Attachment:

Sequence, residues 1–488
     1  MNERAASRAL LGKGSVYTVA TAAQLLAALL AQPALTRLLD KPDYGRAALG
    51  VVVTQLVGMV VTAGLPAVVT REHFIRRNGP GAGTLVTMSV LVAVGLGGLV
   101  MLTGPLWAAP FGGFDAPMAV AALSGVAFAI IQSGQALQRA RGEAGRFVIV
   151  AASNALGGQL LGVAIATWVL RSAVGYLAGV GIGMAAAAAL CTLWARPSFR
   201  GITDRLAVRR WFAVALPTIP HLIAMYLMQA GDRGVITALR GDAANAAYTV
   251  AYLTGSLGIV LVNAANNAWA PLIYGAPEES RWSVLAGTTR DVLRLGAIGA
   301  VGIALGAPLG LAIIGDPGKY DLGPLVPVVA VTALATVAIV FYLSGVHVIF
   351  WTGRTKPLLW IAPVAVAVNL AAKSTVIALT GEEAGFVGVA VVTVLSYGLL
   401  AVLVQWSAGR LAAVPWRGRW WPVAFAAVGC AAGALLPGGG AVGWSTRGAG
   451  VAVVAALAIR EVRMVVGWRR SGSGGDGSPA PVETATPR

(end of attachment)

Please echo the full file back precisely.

Sequence, residues 1–488
     1  MNERAASRAL LGKGSVYTVA TAAQLLAALL AQPALTRLLD KPDYGRAALG
    51  VVVTQLVGMV VTAGLPAVVT REHFIRRNGP GAGTLVTMSV LVAVGLGGLV
   101  MLTGPLWAAP FGGFDAPMAV AALSGVAFAI IQSGQALQRA RGEAGRFVIV
   151  AASNALGGQL LGVAIATWVL RSAVGYLAGV GIGMAAAAAL CTLWARPSFR
   201  GITDRLAVRR WFAVALPTIP HLIAMYLMQA GDRGVITALR GDAANAAYTV
   251  AYLTGSLGIV LVNAANNAWA PLIYGAPEES RWSVLAGTTR DVLRLGAIGA
   301  VGIALGAPLG LAIIGDPGKY DLGPLVPVVA VTALATVAIV FYLSGVHVIF
   351  WTGRTKPLLW IAPVAVAVNL AAKSTVIALT GEEAGFVGVA VVTVLSYGLL
   401  AVLVQWSAGR LAAVPWRGRW WPVAFAAVGC AAGALLPGGG AVGWSTRGAG
   451  VAVVAALAIR EVRMVVGWRR SGSGGDGSPA PVETATPR